Class III milk prices were down 5% to $13.72/cwt. Any improvement to this price will depend on the wholesale price of cheese, which is influenced by domestic inventory levels of cheese. Domestic inventory levels are in turn largely influenced by cheese exports. As covered in the prior post, U.S. 2015 exports of cheese are down in all countries except Mexico.
The pie chart showing the breakdown of component values in the Class III price still shows butterfat providing the most value although it is shifting more toward milk protein. In November butterfat made up 73% of the milk check. Currently, it makes up 59%. Expect this trend of falling butterfat prices and escalating milk protein prices to continue.
Other Solids made up only 1%, or $.21/cwt. of milk. Other solids is priced based on the value of dry whey which has dropped in price with a significant decrease in exports. The latest data shows that 32% of dry whey is being exported compared to 51% a year ago.
Cheese is the most important parameter in the pricing of Class III milk. Cheese exports are the most volatile component of cheese demand. Cheese exports were 5.2% of production in November 2015, the most recent data. For the year of 2014, exports represented 7.2% of production.
However, production of cheese continues at the normal growth rate without any adjustment for the decrease in exports.
As a result, cheese inventories are growing. The growth is approximately equal to the decline in exports of cheese. Clearly, no decrease in production has been made to compensate for the drop in export demand. It is unlikely that cheese exports will rise significantly in the coming months and if production of cheese does not decrease, the inventories will continue to grow. As the inventories grow, the wholesale cheese price and the Class III price will decline. Declining cheese exports and continued high production are the biggest factors in the declining Class III milk prices.
Butter has had an unbelievable run. In September of 2014, butter hit $2.85/lb. and in November 2015 it was valued at $2.80/lb. The current price of $2.08/lb. is well below these highs, but is still high compared to historical levels and international values.
While butter inventories are still in line as shown in the chart below, international prices are well below current domestic NASS prices. Exports of U.S. butter are nil because the domestic price is still well above the international prices. Imports of butter continue to climb and production of butter in the U.S. remains stagnant.
Production of butter has remained consistent year-to-year for five years while domestic consumption has increased.
In order to meet the domestic demand for butter, imports have increased tremendously as shown in the chart below.
Logic says that if these trends continue, domestic butter prices will continue to fall until they reach equilibrium with international prices. During that time imports will continue to grow.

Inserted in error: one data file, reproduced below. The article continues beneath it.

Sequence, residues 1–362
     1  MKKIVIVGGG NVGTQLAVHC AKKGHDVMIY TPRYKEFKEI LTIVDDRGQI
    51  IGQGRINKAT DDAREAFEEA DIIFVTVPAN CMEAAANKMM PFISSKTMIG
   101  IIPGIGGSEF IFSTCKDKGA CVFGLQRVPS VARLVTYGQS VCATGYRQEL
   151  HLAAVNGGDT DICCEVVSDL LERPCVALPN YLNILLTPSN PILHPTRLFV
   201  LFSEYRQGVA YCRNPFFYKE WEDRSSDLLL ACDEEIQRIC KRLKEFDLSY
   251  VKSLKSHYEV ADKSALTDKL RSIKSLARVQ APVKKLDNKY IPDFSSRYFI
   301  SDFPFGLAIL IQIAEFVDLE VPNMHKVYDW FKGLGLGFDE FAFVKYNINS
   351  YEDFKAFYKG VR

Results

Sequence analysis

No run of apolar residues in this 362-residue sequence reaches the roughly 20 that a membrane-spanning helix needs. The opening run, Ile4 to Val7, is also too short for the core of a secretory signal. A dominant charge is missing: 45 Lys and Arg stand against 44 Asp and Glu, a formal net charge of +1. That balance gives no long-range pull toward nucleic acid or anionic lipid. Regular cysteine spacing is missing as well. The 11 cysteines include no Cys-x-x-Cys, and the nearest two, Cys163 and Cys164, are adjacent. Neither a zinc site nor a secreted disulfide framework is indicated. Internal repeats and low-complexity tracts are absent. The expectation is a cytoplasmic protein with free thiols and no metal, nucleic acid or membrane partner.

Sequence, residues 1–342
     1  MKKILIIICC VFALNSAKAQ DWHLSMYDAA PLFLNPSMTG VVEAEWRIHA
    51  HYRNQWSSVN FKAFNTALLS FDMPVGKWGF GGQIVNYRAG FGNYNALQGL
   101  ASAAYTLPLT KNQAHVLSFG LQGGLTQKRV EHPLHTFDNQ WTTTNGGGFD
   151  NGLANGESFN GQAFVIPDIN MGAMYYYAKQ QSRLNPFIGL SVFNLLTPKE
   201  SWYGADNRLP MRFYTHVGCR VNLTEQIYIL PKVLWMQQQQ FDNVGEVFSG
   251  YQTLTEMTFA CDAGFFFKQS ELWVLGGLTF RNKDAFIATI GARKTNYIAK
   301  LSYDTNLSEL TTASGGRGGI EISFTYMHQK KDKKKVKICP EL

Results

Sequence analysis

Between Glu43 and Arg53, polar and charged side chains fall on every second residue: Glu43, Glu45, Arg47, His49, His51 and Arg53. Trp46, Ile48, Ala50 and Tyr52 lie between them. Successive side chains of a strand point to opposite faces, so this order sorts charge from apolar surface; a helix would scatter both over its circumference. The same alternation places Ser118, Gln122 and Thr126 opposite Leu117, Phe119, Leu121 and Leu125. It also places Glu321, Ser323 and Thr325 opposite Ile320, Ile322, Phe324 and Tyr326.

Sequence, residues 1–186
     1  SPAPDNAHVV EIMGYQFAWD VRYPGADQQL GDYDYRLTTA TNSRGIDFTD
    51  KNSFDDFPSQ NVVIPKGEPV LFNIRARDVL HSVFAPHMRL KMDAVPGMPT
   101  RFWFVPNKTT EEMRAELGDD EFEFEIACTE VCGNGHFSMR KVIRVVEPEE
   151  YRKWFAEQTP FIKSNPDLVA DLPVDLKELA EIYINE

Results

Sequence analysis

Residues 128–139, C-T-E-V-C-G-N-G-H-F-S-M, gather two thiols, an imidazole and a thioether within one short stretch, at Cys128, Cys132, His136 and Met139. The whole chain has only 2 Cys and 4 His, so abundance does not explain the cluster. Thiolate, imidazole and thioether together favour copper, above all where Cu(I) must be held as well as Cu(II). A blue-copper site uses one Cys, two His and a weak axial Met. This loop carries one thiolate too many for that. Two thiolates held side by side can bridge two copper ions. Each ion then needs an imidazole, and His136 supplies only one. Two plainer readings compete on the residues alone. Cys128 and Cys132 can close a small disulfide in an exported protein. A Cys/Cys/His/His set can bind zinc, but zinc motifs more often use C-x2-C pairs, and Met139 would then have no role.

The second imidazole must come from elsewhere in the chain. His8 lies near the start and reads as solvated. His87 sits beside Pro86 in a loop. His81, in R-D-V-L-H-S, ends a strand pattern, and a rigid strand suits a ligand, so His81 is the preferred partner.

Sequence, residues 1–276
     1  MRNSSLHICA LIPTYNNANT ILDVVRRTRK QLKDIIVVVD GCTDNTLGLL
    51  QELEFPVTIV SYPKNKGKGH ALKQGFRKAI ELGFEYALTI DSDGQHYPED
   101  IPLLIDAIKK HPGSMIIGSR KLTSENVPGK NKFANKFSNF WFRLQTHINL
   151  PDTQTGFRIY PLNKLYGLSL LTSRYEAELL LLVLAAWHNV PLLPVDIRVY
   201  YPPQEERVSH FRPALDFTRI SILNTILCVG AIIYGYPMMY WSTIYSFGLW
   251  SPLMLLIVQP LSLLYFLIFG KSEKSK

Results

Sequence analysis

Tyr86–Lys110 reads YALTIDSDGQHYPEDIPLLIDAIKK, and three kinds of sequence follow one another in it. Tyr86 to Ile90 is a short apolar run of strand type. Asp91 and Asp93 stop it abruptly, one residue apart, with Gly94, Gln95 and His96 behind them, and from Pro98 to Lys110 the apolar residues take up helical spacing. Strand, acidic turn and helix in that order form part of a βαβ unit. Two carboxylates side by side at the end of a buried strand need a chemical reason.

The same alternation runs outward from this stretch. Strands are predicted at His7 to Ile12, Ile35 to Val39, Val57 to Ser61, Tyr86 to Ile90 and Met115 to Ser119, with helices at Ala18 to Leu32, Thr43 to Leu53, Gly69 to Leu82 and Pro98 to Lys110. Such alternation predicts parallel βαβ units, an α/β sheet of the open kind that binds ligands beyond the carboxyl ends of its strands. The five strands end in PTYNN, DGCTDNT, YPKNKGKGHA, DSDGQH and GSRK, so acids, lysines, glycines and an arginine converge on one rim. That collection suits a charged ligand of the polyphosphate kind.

These trends for butter have little impact on the Class III prices (see a prior post for the math behind this) but will continue to shift the mix of making up the Class III price. Butterfat will constitute a lower percentage of Class III price and milk protein will make up a larger percentage.
NONFAT DRY MILK
Nonfat dry milk is the basis of the Class IV price. The Class IV price can also influence the Class I and Class II prices. Nonfat dry milk is unique in that export volumes are strong and larger than prior years. Unfortunately, prices are not as strong as prior years. The current price of $.78/lb. is far below the $2.08/lb. of March 2014.
The good news is that with the strong exports, inventories have remained in balance. Only a change in the international value will change the domestic price of nonfat dry milk.
For a review of how nonfat dry milk influences producer cash flow, see the July 16, 2014 post to this blog.
WHOLE DRY MILK
One interesting growth product for the U.S. is dry whole milk. Whole dry milk is much more difficult to package than nonfat dry milk. Whole milk contains fat that can become rancid as the fat molecules accept oxygen from the air. Whole dry milk is typically packaged in cans or other materials that are good barriers for limiting oxygen transmission and the container is nitrogen flushed to remove oxygen in the container. China has been a huge buyer for dry whole milk, but this market has decreased. Nevertheless, the trend for production of dry whole milk continues its growth, which has doubled production over the last nine years.
The production of dry whole milk, while still far below production of nonfat dry milk, is creating another outlet for U.S. dairy products. This growth will continue to be followed in future posts to this blog.
The next post will provide a summary of the year of 2015.